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Small arms and light weapons survey of Moldova


Saferworld and the Chisinau based Institute for Public Policy (IPP) have been conducting a comprehensive survey of the small arms and light weapons (SALW) situation in the Republic of Moldova over the last six months for the UNDP South Eastern Europe Clearinghouse for the Control of Small Arms and Light Weapons (SEESAC). Research was conducted in both the Government controlled territory of Moldova and the territory that has been administered by the separatist Transdniestrian authorities since the end of the period of armed conflict in 1992. Consultation meetings on the preliminary findings were conducted with the Moldovan Government in late 2005 and the Survey has now been reviewed by both the Moldovan Government and other stakeholders, including the Transdniestrian authorities. - Research indicates that there are only 50,578 weapons registered to individuals (1.6 per 100 citizens) and rates of licit SALW possession are low in Moldova in comparison to neighbouring states (14.7 per 100 in Serbia, and 2.1 per 100 in Albania). - It is estimated that for every registered weapon in Moldova there is at least one unregistered weapon, most of which are in the hands of non-criminal actors. Civilian weapon ownership in Moldova is on the increase and while the majority of the weapons in legal civilian possession are hunting-style weapons, there is a trend towards increased ownership of weapons for self-defence, such as pistols. However, available data indicates that the negative impact of SALW on public health and crime levels in Moldova is low in comparison with neighbouring states in South Eastern Europe (SEE) and that the number of crimes and deaths (including homicides) involving weapons in Moldova has been steadily decreasing during the period 2000 - 2005 in line with an overall improvement in levels of public safety and effective police campaigns against organised crime. - The territory under the control of the Transdniestrian authorities is highly militarised with an estimated 122,700 weapons in use by security agencies, mostly located in the Security Zone. According to information provided by the Transdniestrian authorities, only 4,250 weapons have been registered to individuals on the territory under their control. Further, the number of illicit weapons in the region is unknown. - In terms of International Transfer Controls, the Moldovan Ministry of Economy and Commerce maintains a dual-use goods list that is consistent with EU standards and therefore provides an excellent basis for guiding appropriate decision-making in this field. However, the current legal framework governing transfers of arms and dual use goods has inadequate provisions covering transhipment, licensed production and all forms of brokering. For example, although the legislation contains a reference to extra-territorial control of brokers, the law does not provide a mechanism for fulfilling this requirement. - Despite its unrecognised status, the Transdniestrian authorities regulate the use and possession of SALW according to their own internal laws and procedures. There are, however, no legal provisions for the international transfer of arms. The SALW Survey also indicates that much still remains to be improved in the current regulations for domestic SALW control in both regions, as the present regulatory system has many deficiencies.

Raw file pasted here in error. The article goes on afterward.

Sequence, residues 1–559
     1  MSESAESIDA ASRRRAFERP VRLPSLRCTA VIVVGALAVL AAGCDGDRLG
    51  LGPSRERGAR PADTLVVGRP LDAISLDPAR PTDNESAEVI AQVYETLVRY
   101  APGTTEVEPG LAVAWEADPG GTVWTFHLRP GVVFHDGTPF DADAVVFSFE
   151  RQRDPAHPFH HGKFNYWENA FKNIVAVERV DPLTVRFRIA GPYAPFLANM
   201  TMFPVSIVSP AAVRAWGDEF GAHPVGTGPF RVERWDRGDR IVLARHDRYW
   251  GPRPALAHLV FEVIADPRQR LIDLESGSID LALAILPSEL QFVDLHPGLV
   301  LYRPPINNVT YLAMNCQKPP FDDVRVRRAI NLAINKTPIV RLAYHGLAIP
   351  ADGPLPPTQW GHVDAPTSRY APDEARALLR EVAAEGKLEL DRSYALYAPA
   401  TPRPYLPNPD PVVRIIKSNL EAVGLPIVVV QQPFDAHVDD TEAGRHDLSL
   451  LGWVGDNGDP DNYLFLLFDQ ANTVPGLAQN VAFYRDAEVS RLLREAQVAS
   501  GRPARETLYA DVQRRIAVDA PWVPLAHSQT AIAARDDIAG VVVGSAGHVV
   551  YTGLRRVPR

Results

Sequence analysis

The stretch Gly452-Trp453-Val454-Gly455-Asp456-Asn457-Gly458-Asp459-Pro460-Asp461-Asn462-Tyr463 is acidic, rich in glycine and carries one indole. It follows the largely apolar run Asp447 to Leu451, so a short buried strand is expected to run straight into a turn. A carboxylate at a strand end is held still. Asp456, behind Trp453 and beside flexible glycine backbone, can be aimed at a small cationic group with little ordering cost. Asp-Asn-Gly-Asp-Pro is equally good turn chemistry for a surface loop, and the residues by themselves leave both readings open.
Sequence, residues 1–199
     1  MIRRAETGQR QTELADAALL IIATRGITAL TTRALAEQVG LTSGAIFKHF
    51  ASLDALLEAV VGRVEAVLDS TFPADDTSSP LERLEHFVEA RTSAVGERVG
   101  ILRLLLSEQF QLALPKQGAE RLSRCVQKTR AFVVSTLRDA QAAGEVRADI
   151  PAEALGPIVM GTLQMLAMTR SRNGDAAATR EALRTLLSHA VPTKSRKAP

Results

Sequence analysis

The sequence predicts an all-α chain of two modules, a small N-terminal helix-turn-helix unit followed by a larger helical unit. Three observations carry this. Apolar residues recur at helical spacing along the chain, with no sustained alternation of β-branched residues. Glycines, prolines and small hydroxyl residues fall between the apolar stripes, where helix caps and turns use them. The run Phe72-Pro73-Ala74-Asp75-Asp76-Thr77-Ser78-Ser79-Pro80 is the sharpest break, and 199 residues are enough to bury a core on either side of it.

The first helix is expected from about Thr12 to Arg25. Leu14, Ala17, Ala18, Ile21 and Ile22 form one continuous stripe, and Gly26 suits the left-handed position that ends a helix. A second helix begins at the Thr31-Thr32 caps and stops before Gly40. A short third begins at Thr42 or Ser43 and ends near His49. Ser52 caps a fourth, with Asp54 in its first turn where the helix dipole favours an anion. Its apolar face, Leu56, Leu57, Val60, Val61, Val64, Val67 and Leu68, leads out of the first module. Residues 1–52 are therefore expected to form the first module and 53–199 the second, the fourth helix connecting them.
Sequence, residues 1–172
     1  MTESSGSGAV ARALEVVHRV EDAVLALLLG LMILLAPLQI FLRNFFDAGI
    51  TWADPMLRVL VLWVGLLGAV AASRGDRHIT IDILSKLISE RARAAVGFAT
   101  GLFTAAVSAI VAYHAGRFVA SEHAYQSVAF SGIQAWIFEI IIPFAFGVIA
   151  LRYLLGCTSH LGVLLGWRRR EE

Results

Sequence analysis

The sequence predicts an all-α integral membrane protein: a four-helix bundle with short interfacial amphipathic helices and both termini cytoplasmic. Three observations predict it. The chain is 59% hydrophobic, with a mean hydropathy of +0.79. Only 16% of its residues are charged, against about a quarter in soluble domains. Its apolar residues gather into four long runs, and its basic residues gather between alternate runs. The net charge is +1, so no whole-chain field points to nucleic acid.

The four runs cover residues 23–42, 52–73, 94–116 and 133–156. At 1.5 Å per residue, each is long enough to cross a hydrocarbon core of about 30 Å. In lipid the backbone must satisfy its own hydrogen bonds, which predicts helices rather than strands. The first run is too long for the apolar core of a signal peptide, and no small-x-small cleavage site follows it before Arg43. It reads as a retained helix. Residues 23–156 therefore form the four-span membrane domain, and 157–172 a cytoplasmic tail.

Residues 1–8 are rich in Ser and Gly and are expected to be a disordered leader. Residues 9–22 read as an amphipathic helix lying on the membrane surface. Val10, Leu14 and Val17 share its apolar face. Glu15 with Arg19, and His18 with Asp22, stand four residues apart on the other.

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Date: July 2006
Publisher: SEESAC
Language: English
Region: Europe
Country: Moldova

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